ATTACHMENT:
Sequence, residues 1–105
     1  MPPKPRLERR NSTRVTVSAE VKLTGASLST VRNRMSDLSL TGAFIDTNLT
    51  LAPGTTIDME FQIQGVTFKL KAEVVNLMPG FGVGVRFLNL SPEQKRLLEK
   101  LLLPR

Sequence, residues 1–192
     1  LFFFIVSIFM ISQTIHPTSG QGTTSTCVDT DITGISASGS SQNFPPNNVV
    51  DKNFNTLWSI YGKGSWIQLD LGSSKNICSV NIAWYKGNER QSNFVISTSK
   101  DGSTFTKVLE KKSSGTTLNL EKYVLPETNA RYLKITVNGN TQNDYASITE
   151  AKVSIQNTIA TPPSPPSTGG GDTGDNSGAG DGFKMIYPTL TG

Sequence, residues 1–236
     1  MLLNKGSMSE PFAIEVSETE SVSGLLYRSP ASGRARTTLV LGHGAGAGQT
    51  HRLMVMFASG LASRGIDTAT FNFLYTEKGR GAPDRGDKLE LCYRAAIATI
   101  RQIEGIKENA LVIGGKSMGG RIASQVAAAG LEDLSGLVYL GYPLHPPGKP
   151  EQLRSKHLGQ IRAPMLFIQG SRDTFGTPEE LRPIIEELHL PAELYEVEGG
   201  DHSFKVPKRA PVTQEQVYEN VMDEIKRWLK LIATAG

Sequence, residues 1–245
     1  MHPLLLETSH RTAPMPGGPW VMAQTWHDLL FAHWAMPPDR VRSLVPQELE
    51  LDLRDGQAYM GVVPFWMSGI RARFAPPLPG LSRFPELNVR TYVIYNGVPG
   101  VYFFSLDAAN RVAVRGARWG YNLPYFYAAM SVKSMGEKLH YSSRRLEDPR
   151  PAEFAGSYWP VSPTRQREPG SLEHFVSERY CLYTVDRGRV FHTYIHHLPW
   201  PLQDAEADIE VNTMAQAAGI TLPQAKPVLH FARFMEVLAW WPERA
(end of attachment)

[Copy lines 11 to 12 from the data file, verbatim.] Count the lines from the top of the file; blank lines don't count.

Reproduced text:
     1  MLLNKGSMSE PFAIEVSETE SVSGLLYRSP ASGRARTTLV LGHGAGAGQT
    51  HRLMVMFASG LASRGIDTAT FNFLYTEKGR GAPDRGDKLE LCYRAAIATI